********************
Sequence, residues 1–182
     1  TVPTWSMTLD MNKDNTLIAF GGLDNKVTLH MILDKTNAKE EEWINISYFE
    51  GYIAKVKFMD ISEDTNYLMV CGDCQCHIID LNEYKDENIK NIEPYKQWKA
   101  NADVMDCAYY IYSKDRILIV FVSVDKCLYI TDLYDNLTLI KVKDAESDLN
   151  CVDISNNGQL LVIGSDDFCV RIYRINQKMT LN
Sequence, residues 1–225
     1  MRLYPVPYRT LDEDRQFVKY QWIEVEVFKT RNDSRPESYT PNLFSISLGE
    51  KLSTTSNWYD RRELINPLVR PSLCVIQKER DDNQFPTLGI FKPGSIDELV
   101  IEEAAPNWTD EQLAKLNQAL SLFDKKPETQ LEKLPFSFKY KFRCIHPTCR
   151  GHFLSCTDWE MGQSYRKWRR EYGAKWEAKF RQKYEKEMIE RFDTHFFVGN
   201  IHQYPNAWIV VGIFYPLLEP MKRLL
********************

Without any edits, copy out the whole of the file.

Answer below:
Sequence, residues 1–182
     1  TVPTWSMTLD MNKDNTLIAF GGLDNKVTLH MILDKTNAKE EEWINISYFE
    51  GYIAKVKFMD ISEDTNYLMV CGDCQCHIID LNEYKDENIK NIEPYKQWKA
   101  NADVMDCAYY IYSKDRILIV FVSVDKCLYI TDLYDNLTLI KVKDAESDLN
   151  CVDISNNGQL LVIGSDDFCV RIYRINQKMT LN
Sequence, residues 1–225
     1  MRLYPVPYRT LDEDRQFVKY QWIEVEVFKT RNDSRPESYT PNLFSISLGE
    51  KLSTTSNWYD RRELINPLVR PSLCVIQKER DDNQFPTLGI FKPGSIDELV
   101  IEEAAPNWTD EQLAKLNQAL SLFDKKPETQ LEKLPFSFKY KFRCIHPTCR
   151  GHFLSCTDWE MGQSYRKWRR EYGAKWEAKF RQKYEKEMIE RFDTHFFVGN
   201  IHQYPNAWIV VGIFYPLLEP MKRLL